Veins are most commonly affected by thrombosis, or blood clots that develop within the vein, and insufficiency, which is the failure of the one-way valves present in veins which prevent the backward flow of blood within veins. In most vein practices, venous insufficiency is most common condition managed.
An understanding of venous disease and its treatment depends first upon an adequate understanding of venous anatomy and function. While venous anatomy has been known for years, there exists considerable variation from what might be considered the “normal” pattern. Knowledge of venous function, and particularly abnormal function, has grown considerably in recent years. The use of newer diagnostic tests, particularly ultrasound, has allowed physicians to better understand a given patient’s venous anatomy and function, and thereby tailor treatment for any venous disease present.
Anatomy & Venous System Review
Normal Venous Anatomy and Function
The venous system of the lower extremities is a complex of thin-walled and low-pressure vessels that return blood back to the heart after circulation to the tissues. This transport of blood is facilitated by several factors. Low central pressures in the chest cavity promote blood return to the heart. Active propulsion of blood by muscular contraction in the calves and thighs occurs during ambulation and functions as a “peripheral heart” driving blood return. Finally, the veins of the lower extremities usually contain venous valves that prevent the backward flow of blood.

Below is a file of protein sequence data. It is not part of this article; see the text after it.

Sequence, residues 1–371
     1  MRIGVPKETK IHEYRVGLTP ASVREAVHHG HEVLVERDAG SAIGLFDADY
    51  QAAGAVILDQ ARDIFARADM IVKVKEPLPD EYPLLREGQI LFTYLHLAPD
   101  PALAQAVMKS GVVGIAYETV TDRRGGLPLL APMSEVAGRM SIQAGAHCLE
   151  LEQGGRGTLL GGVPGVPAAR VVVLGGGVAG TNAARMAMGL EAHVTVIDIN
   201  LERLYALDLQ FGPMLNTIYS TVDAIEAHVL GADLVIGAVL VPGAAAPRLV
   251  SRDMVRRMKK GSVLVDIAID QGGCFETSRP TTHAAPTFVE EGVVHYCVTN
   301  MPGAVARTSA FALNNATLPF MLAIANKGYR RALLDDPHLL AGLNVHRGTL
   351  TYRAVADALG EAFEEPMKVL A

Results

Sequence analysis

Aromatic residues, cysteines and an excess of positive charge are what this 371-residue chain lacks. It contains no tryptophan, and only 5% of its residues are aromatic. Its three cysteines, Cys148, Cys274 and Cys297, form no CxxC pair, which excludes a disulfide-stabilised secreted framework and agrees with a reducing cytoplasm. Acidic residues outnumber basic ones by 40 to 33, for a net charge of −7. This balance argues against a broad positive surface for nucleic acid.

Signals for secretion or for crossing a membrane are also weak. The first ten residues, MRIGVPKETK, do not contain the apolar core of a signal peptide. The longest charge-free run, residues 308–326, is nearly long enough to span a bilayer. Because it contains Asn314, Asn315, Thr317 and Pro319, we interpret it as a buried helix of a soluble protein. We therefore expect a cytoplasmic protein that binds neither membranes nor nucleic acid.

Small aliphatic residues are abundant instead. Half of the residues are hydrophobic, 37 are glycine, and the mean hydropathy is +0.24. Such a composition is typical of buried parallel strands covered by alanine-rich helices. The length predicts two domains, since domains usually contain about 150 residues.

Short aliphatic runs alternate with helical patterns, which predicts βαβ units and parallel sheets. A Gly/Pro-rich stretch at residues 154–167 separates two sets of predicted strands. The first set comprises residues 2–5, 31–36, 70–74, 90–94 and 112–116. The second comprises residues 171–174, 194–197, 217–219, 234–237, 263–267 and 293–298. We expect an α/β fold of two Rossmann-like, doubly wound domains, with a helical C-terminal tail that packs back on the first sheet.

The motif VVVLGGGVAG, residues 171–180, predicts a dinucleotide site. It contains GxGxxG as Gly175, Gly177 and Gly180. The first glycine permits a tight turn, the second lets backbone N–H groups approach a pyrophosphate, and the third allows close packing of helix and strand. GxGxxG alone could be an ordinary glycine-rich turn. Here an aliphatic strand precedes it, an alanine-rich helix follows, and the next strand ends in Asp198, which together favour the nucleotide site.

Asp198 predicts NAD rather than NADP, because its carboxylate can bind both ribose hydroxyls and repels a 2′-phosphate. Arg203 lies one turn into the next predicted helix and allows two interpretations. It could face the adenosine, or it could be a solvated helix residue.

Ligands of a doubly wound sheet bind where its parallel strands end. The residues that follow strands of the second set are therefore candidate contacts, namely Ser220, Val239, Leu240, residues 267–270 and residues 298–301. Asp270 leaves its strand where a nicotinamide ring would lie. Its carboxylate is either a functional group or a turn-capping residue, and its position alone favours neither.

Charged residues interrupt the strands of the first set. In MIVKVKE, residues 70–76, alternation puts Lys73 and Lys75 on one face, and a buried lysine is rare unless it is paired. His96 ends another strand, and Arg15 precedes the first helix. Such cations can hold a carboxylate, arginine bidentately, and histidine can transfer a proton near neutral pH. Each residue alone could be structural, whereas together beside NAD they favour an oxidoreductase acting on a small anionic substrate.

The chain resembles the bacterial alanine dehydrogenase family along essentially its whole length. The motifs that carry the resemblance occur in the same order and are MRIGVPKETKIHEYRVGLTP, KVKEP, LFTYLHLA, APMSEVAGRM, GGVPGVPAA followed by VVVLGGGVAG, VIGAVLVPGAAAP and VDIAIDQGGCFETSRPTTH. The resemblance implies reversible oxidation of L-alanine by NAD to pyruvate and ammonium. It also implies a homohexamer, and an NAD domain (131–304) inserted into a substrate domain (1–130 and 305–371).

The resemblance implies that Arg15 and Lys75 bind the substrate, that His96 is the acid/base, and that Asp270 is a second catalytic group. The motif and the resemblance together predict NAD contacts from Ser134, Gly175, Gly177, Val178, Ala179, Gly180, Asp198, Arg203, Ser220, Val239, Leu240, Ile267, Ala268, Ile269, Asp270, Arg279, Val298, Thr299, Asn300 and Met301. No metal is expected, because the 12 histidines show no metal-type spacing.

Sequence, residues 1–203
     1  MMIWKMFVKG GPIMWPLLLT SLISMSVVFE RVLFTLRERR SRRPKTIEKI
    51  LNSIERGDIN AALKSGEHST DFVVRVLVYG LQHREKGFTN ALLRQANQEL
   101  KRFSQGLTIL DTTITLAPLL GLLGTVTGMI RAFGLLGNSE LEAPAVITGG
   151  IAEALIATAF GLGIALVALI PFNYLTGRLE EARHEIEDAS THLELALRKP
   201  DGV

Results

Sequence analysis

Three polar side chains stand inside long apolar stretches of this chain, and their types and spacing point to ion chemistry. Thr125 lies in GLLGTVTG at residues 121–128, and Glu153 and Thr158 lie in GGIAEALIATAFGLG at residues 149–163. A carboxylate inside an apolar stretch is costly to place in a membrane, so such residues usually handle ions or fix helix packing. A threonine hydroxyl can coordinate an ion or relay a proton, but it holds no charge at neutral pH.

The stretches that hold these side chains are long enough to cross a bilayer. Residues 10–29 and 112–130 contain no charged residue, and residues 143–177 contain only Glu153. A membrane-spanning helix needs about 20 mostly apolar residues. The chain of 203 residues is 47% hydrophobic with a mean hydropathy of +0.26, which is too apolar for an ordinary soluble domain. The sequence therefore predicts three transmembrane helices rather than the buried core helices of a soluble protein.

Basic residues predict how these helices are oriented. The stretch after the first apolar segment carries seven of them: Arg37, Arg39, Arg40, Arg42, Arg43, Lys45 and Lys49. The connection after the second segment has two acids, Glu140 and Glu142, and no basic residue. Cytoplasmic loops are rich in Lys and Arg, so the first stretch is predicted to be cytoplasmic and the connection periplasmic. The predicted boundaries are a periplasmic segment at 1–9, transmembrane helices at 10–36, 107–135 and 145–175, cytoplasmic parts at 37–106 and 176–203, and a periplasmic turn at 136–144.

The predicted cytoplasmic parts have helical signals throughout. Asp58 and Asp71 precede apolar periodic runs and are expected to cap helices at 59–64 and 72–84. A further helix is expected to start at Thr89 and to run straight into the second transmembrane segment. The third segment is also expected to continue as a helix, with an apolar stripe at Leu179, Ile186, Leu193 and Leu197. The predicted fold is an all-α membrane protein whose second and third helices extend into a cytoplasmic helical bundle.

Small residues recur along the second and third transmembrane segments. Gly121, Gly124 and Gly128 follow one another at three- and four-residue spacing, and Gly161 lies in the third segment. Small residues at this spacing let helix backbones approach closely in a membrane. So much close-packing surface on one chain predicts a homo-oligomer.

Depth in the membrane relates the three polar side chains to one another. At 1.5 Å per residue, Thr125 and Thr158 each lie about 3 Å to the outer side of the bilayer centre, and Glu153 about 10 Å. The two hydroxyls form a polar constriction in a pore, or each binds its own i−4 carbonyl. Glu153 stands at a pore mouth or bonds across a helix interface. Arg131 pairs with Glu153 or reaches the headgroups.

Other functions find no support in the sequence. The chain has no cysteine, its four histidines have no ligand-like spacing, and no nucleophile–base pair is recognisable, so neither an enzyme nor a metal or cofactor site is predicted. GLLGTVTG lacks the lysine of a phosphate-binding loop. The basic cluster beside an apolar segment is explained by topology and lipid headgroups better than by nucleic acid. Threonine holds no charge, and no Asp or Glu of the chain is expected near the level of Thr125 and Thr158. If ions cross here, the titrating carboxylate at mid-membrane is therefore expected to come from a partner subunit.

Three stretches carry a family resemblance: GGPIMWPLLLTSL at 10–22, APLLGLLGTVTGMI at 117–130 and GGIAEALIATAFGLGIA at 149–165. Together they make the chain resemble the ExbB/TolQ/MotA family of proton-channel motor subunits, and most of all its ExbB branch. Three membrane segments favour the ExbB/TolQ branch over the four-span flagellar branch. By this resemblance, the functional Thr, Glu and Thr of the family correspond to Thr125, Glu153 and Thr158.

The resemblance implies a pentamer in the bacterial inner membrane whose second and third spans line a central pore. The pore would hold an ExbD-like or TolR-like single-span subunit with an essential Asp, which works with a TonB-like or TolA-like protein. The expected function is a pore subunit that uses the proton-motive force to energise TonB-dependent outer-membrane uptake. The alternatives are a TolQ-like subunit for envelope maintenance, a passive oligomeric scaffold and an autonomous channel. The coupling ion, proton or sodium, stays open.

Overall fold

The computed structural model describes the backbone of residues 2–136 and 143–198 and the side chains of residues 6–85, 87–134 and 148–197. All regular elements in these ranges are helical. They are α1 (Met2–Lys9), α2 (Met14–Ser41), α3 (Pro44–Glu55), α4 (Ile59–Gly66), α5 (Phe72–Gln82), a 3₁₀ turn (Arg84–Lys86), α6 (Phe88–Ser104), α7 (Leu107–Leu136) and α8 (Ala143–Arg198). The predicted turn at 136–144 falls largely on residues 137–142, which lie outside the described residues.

The veins of the lower extremities can be conveniently divided into three types. The deep veins are those that are surrounded by muscular tissue and therefore can function as part of the “peripheral heart” noted above. The superficial veins include the greater and lesser saphenous veins, along with their major tributaries. The perforator veins penetrate the fascia that surrounds the muscle bundles and divert blood from the superficial to the deep venous system.
Deep Venous System
The deep veins include the gastrocnemius, peroneal and tibial veins in the calf, the popliteal veins behind the knee, and the femoral veins in the thigh. The deep veins are ultimately responsible for most of the venous drainage from the lower extremities. With the combination of active muscular contraction and normal venous valvular function, the deep veins provide the only active propulsion of venous return to the heart.
The greater saphenous vein ascends along the inner aspect of the calf and thigh and ultimately drains into the femoral vein at the groin, through the saphenofemoral junction. Major tributaries (branches) include the posterior arch vein in the calf, the posteromedial vein and anterolateral vein in the thigh and the inferior epigastric vein in the groin.
The lesser saphenous vein lies on the posterior aspect of the calf and drains into the popliteal venous system behind the knee, through the saphenopopliteal junction. Not infrequently, the lesser saphenous vein drains into other venous channels, including the vein of Giacomini, which in turn drains into the greater saphenous vein.
There are a number of perforating veins that communicate between the superficial and deep venous systems. It is important to keep two thoughts in mind when discussing the perforating veins; that they are quite variable in their location and prevalence, and that they are normal venous structures even in the absence of venous disease.
The function of perforating veins is to direct blood flow from the superficial venous system to the deep venous system. The perforating venous system can sometimes be the origin of venous disease but can also frequently be only indirectly affected by disease in the other systems. Classically defined perforating veins include the Hunterian and Dodd perforators in the thigh, the Boyd and Cockett perforators in the calf, and a number of perforators in the foot.